This recipe from Trisha Haas comes from the blog “Salty Side Dish.” You can find the original post at https://www.saltysidedish.com/slow-cooker-black-eyed-peas/. I added extra spices in my version.

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Crockpot Spicy Black-Eyed Peas

Spicy black-eyed peas are a great way to warm up on a cold day and are even better with some fresh cornbread on the side.
Course Main Course
Keyword bacon, bell pepper, black-eyed peas, cayenne, crockpot, cumin, garlic, ham, jalapeno, oregano, slow cooker, soup, spicy, yellow onion

Ingredients

  • 16 ounces dry black-eyed peas
  • 3 beef bouillon cubes
  • 1 small yellow onion diced
  • 4 to 6 cloves garlic minced
  • 1 bell pepper diced (any color)
  • 1-2 jalapeno peppers diced (remove the seeds for less kick)
  • 1 cup ham chopped
  • 6 slices bacon chopped
  • 3 teaspoons cumin
  • 2 teaspoons oregano
  • 1/2 to 1 teaspoon cayenne pepper
  • salt and pepper to taste

Instructions

  • Add the beef bouillon cubes to about 1 cup of hot water. Smash the cubes before adding them to a large crockpot along with five more cups of water, and then add all of the rest of the ingredients, as well. You do not have to do anything to prep the peas. Just dump them in.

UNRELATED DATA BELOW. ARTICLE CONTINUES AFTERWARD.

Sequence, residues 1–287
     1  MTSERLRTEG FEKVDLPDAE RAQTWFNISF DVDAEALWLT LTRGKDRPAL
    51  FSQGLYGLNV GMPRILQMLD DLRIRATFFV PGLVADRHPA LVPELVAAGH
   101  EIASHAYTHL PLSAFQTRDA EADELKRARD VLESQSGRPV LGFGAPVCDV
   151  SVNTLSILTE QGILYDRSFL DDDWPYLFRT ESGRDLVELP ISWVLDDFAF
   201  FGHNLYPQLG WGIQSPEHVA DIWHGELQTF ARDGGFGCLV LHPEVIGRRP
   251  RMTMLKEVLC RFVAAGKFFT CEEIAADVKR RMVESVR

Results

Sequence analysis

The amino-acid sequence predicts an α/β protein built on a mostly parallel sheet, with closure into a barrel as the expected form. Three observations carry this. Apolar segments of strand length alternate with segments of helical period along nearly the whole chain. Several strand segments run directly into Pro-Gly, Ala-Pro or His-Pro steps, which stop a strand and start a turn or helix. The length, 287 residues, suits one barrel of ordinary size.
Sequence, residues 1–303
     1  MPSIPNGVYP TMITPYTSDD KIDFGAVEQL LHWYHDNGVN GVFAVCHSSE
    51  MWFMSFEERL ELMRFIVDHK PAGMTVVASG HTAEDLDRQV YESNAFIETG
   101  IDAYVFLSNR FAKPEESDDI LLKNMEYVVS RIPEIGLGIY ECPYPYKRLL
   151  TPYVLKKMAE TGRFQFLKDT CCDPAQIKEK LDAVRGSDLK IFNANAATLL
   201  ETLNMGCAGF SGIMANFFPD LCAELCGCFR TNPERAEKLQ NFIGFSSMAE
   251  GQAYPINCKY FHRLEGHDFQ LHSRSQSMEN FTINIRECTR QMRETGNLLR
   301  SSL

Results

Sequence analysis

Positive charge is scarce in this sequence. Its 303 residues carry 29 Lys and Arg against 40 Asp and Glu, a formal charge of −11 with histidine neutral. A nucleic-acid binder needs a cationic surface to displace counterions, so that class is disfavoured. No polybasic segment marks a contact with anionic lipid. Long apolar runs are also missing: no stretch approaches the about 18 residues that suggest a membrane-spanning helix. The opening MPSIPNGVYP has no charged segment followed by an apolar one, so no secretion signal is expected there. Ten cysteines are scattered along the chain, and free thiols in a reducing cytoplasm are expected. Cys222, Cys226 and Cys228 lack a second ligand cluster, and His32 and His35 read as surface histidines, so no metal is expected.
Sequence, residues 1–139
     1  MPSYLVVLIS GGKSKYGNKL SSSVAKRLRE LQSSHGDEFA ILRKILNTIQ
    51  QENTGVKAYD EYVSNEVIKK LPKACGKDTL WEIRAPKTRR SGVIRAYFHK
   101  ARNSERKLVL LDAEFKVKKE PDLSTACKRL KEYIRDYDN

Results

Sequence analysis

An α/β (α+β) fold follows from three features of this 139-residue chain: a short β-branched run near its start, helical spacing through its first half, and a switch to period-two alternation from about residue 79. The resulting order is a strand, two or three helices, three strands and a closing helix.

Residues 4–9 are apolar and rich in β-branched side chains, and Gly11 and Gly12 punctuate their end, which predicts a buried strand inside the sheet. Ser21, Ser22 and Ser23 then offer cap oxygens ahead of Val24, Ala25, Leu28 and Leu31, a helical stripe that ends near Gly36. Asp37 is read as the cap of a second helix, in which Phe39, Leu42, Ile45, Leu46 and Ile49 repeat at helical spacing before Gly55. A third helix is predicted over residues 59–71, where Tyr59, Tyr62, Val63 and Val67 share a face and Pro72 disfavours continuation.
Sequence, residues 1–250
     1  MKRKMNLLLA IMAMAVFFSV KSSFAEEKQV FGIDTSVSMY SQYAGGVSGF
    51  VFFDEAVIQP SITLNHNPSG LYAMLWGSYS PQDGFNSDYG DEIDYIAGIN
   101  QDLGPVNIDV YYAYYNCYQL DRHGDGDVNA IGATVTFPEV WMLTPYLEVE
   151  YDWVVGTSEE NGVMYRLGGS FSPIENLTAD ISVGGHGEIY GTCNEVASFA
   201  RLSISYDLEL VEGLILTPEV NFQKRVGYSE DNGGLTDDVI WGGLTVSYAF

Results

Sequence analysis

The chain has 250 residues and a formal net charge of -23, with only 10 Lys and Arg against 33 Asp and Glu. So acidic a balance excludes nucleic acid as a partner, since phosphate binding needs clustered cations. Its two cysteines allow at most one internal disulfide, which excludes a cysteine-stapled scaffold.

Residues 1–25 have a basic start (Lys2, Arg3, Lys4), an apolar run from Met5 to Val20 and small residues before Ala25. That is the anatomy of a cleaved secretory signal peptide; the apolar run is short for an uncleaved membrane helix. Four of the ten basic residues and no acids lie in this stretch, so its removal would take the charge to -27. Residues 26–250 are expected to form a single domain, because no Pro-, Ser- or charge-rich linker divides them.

• Give the mixture a good stir and then cook on high for six hours or until the peas are cooked through.
  • This is fantastic served with fresh cornbread.

The photos on the recipe’s website show a mushier-looking soup without a lot of broth. I had a decent amount of broth with mine, so it’s really more about what you prefer with yours if you let it cook down even longer to really get the liquid thinned out. Personally, I love having broth with soups like this so I have something to soak up with my cornbread.

This was so, so easy, since it was as simple as just dumping everything in the crockpot. It literally took no cooking skills whatsoever, which I appreciate sometimes.